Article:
IT was a goal to remember – and 47 years later Tommy White is still able to do exactly that.
“Jimmy Greaves knocked the ball forward and just before it ran out of play managed a cut-back which I met with my right foot. It wasn’t always the case that I had the feeling that a ball I struck was bound for the net but I knew that one was.”
A few hours later Tommy was transferred back to Hearts who he had left to join – for one night only, as they say in showbiz circles – Tottenham Hotspur. But the journey and occasion was far removed from showbiz.
The testimonial match in which Tommy White guested for Spurs against a Scotland XI on November 10, 1964, was in memory of his late, great, brother, John.
More than 40 years have elapsed since Tommy left Hearts via Aberdeen for English football, finally settling in Blackpool.
Little wonder that when the draw for the final qualifying leg of the Europa League paired Hearts with Tottenham, the match-up was greeted with some sentimentality in the White family, originally from Musselburgh, where another brother, Edwin, still stays.
With his East Lothian accent shining through Tommy further recalls his family’s Hearts–Tottenham connections.
“Without being able to go into great detail, John would tell me after he’d moved to White Hart Lane that Spurs were watching me. Around that time Spurs signed Alan Gilzean and if you’d asked me then who was the better player I’d have said, in all honesty, me; maybe subsequent events proved otherwise?
“Anyway, the circumstances in which I found myself wearing a Spurs jersey on a temporary transfer from Hearts saw me standing on the pitch beforehand extremely nervous because I didn’t want to let the memory of John down and I wanted to make my family proud.
“My early goal was fuelled by pure adrenaline but in the second half Bill Brown [Spurs goalkeeper] put up a high clearance that came down with snow on it.
“Now I never reckoned I had the best first touch but somehow I was able to control that ball and as I took it round Scotland centre half Ron Yeats, I tried to put a little bit more force into the shot. The result was the ball hit the outside of the post and went wide whereas I’m convinced that if I’d been a fraction more relaxed the shot would have beaten Jim Cruickshank in off the post.”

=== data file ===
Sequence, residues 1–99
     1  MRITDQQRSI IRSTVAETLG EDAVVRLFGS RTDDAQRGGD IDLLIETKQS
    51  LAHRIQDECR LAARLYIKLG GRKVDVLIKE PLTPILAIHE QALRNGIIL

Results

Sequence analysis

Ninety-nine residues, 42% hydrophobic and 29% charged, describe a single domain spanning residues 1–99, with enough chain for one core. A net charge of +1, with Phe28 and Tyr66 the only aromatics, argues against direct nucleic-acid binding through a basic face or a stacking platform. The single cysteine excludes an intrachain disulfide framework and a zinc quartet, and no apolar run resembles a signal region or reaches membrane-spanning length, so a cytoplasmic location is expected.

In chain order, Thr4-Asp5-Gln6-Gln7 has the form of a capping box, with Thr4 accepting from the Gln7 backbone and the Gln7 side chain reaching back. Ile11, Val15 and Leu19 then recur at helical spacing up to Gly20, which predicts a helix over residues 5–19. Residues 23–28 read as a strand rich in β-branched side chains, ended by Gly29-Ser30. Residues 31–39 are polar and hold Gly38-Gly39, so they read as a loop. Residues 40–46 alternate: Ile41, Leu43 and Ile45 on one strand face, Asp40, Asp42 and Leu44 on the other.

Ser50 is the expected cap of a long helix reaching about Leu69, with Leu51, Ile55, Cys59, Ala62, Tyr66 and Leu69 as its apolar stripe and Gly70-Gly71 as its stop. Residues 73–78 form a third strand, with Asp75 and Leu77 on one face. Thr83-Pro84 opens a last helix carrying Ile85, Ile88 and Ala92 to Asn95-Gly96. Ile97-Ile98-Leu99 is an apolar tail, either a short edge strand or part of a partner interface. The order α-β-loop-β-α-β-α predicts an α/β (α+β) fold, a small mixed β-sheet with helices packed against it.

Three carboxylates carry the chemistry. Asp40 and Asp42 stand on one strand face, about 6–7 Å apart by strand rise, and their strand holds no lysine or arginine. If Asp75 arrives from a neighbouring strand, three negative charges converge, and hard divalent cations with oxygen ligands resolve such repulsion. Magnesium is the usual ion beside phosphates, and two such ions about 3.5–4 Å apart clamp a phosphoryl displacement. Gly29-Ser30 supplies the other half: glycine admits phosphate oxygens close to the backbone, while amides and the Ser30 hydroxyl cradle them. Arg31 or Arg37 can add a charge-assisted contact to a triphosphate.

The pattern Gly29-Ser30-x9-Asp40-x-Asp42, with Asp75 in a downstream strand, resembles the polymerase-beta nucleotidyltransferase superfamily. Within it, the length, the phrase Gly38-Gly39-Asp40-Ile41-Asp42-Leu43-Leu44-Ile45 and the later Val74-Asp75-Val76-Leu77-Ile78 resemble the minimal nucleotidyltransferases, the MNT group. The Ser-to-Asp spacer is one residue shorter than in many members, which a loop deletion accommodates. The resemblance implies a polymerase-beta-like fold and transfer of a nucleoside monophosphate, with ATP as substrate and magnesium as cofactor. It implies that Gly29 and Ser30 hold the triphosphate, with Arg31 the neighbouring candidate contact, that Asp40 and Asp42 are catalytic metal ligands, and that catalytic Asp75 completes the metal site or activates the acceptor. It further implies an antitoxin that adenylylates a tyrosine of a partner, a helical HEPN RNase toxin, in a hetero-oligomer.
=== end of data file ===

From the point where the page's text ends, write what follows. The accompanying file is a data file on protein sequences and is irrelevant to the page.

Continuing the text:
He adds: “I’m under no illusions that it was a throwaway remark but, nevertheless, Bill Nicholson, the Spurs manager, later came up and told me ‘Tommy, if you’d scored with that second half shot you’d have been playing for us on Saturday as well!”
In fact, Tommy returned to Tynecastle and continued to build a remarkable tally of 30 from 37 appearances. At the start of one season he netted in eight consecutive games. They called him “goal a game White” and Tommy never wanted to leave.
“Tipping point came when Hibs beat Hearts to paying the first team squad £20 a week. Hearts players were upset and an agreement was made for us to request transfers en masse. Guess what? I was the only one to put the letter in and from that moment I was probably on my way out.
“There was another factor, too, which was that word had reached manager Tommy Walker – erroneously, I stress – that I was going out on the town on Friday nights.
“I swear that wasn’t true but the false rumour probably contributed to moving me on from a club where I was so fortunate to have outstanding service from great players including Willie Hamilton, Billy Higgins, Alan Anderson and Danny Ferguson.”
Tommy will miss Thursday’s match but does intend to renew acquaintance with his old club for the second leg at White Hart Lane.
“My son, John, who is named after my late brother, has organised the trip and I’ve been privileged to be asked to contribute a few notes for the programme.
“I’d like to have come up to Tynecastle, too, but circumstances dictate otherwise, unfortunately.”